Cleveland, Ohio: Building on a study performed in May, Centerline Biomedical, Inc. successfully completed two additional preclinical studies evaluating its advanced surgical navigation system known as IOPS, the Intra-Operative Positioning System. The studies demonstrated the ability to track navigation of catheters and guidewires precisely, with enhanced 3-D visualization, and without the harmful effects associated with the current standard of care.

Endovascular surgeries currently rely on X-ray fluoroscopy, which provides limited two-dimensional visualization, resulting in long procedure times while exposing surgeons and patients to cancer-causing ionizing radiation. IOPS, a technology originally developed by Cleveland Clinic, uses a 3-D model of a patient’s vascular system to track instruments precisely without X-ray exposure, with the goal of reducing procedure times, complication rates, and overall costs.

Iops Image

These studies were led by Cleveland Clinic surgeon Dr. Matthew Eagleton, an international thought leader on minimally-invasive aortic repair and chair of Centerline’s Scientific Advisory Board, with associated financial interest in the company; Dr. Mark Farber, Director of the University of North Carolina Aortic Center, and Dr. Dipankar Mukherjee, Chief of Vascular Surgery for Inova Fairfax Hospital in Virginia, also participated in these studies.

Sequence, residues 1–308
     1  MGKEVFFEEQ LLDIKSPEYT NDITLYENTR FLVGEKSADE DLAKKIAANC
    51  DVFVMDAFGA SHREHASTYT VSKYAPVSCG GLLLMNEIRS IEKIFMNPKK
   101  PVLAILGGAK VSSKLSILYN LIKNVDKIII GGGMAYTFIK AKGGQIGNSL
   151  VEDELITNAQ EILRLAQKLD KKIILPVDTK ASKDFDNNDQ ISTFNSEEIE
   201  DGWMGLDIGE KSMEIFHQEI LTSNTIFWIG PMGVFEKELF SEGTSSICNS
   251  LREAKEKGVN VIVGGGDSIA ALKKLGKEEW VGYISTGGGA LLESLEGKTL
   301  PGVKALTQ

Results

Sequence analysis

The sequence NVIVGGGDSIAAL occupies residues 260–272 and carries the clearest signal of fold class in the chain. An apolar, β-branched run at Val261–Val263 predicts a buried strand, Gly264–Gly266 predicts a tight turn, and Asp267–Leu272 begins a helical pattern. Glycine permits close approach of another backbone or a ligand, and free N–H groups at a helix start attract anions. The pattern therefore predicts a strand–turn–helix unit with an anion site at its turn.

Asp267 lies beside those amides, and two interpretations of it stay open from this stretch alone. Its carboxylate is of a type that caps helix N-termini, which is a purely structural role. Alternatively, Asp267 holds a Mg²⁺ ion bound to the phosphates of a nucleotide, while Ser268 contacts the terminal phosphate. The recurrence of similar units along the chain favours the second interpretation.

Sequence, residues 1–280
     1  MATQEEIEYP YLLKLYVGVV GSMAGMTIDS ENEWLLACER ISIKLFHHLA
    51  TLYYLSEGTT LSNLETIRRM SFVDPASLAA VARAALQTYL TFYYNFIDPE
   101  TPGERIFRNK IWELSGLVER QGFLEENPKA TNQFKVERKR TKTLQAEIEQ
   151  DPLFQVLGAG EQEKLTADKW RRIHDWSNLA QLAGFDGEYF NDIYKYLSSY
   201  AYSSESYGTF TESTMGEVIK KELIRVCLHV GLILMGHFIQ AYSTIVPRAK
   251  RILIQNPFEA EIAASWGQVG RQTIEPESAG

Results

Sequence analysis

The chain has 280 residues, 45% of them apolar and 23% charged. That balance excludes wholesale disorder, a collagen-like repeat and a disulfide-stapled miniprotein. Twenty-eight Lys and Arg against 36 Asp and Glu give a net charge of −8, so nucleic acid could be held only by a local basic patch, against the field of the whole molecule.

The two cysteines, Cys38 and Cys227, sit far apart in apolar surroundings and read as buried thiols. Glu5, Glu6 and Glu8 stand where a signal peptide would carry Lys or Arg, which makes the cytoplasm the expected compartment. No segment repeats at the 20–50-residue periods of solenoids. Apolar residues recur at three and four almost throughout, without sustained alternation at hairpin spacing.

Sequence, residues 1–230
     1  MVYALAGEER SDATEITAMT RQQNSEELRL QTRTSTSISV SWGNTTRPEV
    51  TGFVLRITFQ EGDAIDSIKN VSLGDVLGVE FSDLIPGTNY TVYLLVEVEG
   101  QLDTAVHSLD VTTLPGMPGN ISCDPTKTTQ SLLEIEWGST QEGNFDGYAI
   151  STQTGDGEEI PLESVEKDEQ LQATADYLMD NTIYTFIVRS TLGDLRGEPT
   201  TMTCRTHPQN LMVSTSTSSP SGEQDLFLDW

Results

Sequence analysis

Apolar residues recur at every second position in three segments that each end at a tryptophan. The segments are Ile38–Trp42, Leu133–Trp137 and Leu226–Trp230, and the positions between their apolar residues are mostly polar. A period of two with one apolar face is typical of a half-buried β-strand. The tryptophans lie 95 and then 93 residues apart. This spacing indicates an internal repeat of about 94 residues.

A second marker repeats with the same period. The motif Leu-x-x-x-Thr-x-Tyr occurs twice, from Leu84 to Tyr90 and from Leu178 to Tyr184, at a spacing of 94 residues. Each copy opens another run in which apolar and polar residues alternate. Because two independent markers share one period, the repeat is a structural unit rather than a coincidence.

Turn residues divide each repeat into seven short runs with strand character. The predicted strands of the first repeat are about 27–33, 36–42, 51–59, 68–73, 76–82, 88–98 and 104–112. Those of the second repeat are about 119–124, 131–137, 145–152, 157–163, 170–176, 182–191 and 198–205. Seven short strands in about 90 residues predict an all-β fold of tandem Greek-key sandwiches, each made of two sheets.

Dr. Eagleton served as Principal Investigator for these studies but began by introducing the system to Drs. Farber and Mukherjee to establish IOPS’ navigational capabilities and ease of use with minimal training. Dr. Farber, using the system for the first time, noted, “This is great. We navigated to all four target vessels without any fluoroscopy. This is a realistic representation of anatomy and you can see real-time changes and movement of the catheter.”

Dr. Mukherjee also noted the value of IOPS, adding, “I was intrigued by the possibility of using this technology for all vascular interventions. If patient and physician are protected from radiation for more common procedures, the impact of this technology becomes even more profound.”

Concluding, Dr. Eagleton remarked, “This second round of work verified our ability to navigate the aorta and its branches, selecting the celiac artery, superior mesenteric artery, and renal arteries with the use of fluoroscopy limited to verification of catheter location. This technology will limit the need for extensive fluoroscopy units and provide more detailed anatomy that can be imaged while navigating through it. It will revolutionize vascular surgery.”

Centerline, a Cleveland Clinic spinoff company founded in 2014, is a joint venture of G2 Group Ventures and Cleveland Clinic. Completing this set of studies with a working manufacturing prototype of the IOPS technology is a significant milestone for the rapidly growing fledgling company. Centerline Chairman and CEO Dr. Jai Gupta congratulated his team, stating, “The successful completion of this round of studies advances our mission to commercialize this highly innovative technology. These studies represent a key step in taking us to FDA submission with market entry targeted later next year.”